# [R] Weibull distribution

Valentin Dimitrov vsdimitrov at yahoo.com
Fri Jul 21 17:03:07 CEST 2006

```Dear Leaf,

I modified your code as follows:

gamma.fun <- function(mu,sd,start=100)
{
f.fn <- function(alpha)
{abs(sd^2-mu^2/(gamma(1+1/alpha))^2*(gamma(1+2/alpha)-(gamma(1+1/alpha))^2))}
alpha <- optim(start, f.fn)
beta <- mu/gamma(1+1/alpha\$par)
return(list=c(a=alpha\$par,b=beta));
}

Now it works properly.

First, I added an abs(). You tried to solve an
equation by means of the R-function optim(), which
finds a minimum. That's why you can find the solution
of f(x)=a through minimization of abs(f(x)-a).
Second, I deleted the optim-method BFGS from the
optim() function, because it is not appropriate in
this case. BFGS seeks to make the gradient (or here
the first derivative) zero and in your case f(x)
converges to a constant for big x, which means f'(x)
is approximately 0 for big x, which is why BFGS stops
almost immediately after the start value. The default
method of optim() ( Nelder and Mead ) is more
appropriate, since it does not need the first
derivative and works only with function values.

Best regards,
Valentin

--- Leaf Sun <leaflovesun at yahoo.ca> wrote:

> Hi all,
>
> By its definition, the mean and variance of two-par.
> Weibull distribution are:
>
>
>
>
>
>  (www.wikipedia.org)
>
>
> I was wondering, if given mean and sd. could we
> parameterize the distribution? I tried this in R.
>
> gamma.fun <- function(mu,sd,start=100)
> {
> f.fn <- function(alpha)
>
sd^2-mu^2/(gamma(1+1/alpha))^2*(gamma(1+2/alpha)-(gamma(1+1/alpha))^2)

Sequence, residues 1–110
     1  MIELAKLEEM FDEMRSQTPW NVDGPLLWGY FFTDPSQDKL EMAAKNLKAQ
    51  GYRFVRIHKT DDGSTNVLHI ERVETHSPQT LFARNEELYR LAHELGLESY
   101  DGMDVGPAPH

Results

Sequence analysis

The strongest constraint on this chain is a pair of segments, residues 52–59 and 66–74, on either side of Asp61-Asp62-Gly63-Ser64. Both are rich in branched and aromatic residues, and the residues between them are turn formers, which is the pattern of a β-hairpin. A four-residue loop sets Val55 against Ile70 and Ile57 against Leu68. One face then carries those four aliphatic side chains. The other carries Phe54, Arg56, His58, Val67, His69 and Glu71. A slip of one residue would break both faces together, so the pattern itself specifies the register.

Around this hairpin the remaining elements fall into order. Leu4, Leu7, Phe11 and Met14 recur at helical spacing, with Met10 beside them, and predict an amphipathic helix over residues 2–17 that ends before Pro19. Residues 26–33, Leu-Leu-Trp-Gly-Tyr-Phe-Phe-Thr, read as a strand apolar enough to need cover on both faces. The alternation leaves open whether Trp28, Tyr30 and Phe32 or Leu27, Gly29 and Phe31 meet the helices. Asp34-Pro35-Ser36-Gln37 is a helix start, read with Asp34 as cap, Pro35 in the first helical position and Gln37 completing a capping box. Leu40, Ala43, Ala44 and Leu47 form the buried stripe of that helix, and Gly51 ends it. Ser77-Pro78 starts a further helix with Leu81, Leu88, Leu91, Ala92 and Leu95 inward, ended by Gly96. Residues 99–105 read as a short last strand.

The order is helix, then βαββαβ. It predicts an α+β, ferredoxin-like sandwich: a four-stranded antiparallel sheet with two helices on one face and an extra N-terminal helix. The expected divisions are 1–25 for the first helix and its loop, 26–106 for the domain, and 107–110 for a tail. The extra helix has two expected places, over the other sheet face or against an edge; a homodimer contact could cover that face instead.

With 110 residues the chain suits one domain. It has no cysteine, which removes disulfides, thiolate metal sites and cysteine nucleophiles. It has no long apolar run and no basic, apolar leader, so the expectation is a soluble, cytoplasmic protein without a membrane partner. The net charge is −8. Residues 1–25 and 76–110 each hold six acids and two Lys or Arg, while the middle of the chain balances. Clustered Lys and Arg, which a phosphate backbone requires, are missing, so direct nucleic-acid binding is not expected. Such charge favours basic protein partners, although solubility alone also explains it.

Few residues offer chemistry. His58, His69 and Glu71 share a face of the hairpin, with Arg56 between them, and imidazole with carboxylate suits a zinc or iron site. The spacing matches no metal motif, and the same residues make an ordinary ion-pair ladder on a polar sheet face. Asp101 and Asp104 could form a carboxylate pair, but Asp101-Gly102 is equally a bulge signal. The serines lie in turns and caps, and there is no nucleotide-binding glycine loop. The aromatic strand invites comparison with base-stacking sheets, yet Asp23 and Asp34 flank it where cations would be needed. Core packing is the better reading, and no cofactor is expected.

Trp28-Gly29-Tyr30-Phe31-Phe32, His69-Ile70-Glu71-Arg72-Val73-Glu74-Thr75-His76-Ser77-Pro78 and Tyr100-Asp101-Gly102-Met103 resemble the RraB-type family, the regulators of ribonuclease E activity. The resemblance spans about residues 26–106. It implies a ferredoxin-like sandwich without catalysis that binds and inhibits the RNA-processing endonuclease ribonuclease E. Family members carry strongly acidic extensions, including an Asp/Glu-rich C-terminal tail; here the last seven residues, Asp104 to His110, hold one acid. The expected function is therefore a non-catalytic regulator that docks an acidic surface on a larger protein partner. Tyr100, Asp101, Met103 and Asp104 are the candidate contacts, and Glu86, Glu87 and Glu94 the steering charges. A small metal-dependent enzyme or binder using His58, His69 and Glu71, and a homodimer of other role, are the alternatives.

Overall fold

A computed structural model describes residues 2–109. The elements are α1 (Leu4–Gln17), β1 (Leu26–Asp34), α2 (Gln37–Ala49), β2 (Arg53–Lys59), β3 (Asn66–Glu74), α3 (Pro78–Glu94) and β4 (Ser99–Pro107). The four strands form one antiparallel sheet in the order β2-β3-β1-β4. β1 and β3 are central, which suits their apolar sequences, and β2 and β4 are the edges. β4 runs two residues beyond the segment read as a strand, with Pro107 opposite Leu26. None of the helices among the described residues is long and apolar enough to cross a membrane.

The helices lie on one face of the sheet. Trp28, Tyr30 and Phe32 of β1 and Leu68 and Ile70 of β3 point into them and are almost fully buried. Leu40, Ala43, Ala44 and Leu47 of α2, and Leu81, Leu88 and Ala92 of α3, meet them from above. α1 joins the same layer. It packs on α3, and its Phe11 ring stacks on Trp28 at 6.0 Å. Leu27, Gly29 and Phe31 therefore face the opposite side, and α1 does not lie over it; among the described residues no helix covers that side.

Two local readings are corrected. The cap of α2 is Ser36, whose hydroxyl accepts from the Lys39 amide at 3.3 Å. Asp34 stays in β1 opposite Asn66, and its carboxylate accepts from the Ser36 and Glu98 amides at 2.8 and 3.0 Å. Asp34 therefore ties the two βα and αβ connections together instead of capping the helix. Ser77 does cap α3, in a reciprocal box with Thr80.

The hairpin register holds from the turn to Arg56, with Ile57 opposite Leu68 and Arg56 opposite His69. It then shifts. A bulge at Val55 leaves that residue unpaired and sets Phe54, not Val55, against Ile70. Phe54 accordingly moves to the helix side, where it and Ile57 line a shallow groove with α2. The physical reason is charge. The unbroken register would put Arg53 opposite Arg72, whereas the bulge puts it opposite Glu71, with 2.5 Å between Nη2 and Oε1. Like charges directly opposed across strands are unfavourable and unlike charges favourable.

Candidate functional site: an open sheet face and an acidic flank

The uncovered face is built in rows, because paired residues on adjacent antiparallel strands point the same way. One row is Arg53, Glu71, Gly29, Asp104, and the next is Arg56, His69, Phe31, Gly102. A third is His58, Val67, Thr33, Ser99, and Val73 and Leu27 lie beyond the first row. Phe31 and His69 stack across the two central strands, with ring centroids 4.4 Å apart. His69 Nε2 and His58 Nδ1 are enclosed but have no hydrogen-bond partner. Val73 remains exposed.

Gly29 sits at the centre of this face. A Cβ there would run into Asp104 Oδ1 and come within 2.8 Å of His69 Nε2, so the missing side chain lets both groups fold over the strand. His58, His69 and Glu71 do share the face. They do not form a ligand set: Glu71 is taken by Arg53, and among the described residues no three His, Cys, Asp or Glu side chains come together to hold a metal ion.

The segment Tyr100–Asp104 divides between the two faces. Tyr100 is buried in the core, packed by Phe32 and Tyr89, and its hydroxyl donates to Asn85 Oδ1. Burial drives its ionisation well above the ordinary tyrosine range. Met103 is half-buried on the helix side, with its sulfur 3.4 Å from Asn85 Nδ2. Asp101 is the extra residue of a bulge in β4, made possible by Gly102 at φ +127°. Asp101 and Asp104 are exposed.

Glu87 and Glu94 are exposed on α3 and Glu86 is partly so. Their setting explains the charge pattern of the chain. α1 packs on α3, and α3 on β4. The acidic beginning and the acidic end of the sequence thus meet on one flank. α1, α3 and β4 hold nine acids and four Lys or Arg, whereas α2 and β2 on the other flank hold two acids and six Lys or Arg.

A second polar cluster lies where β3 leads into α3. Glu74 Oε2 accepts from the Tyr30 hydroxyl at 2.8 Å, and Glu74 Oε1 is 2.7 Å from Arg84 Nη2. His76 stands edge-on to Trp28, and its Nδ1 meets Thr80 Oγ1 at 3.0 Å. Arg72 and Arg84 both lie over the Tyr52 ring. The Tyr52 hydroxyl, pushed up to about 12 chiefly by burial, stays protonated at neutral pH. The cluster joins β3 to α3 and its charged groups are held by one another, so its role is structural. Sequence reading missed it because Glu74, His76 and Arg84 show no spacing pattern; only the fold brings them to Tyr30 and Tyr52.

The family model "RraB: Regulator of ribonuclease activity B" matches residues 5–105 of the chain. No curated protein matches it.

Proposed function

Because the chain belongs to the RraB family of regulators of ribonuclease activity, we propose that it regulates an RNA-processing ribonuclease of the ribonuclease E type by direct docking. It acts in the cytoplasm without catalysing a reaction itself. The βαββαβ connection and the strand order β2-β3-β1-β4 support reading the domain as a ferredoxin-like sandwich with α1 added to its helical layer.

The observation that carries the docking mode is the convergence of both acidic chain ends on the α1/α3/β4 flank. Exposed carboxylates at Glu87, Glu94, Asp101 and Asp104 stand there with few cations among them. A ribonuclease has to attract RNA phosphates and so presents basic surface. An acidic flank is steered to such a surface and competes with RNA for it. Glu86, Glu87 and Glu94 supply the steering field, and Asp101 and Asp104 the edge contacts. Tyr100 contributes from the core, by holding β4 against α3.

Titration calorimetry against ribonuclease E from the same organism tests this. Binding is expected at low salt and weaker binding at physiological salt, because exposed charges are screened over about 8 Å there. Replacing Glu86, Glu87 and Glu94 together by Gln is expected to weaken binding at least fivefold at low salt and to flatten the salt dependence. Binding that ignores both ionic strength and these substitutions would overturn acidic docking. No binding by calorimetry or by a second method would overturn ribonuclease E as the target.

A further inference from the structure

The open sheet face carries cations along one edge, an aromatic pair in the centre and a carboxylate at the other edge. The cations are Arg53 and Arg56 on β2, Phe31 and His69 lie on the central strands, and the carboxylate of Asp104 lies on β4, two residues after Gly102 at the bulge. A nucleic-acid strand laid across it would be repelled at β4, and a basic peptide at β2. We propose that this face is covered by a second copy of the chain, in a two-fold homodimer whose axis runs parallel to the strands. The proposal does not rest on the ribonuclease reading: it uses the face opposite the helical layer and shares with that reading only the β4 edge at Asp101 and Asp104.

> alpha <- optim(start, f.fn,method='BFGS')
> beta <- mu/gamma(1+1/alpha\$par)
> return(list=c(a=alpha\$par,b=beta));
> }
>
>
> But the problems come up here:
>
> 1)  the return values of a and b are only related to
> the input mean, and nothing to do with the sd. For
> instance, when I apply a mean mu = 3 whatever I use
> sd=2, sd=4, the function returned the same scale and
> shape values.
>
> > gamma.fun(3,4,10);
>        a        b
> 5.112554 3.263178
>
> > gamma.fun(3,2,10);
>        a        b
> 5.112554 3.263178
>
> 2) the start value determines the results: if I
> apply mean = 3, and sd=2, with a start of 10, it
> would return alpha close to 10, if I use a start =
> 100, it would return alpha close to 100.
>
> > gamma.fun(3,2,10);
>        a        b
> 5.112554 3.263178
>
> > gamma.fun(3,2,100);
>         a         b
> 99.999971  3.017120
>
> Since I am not a statistician, I guess there must be
> some theoretical reasons wrong with this question.
> So I am looking forward to some correction and
> advice to solve these. Thanks a lot in advance!
>
> Leaf
>
> 	[[alternative HTML version deleted]]
>
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```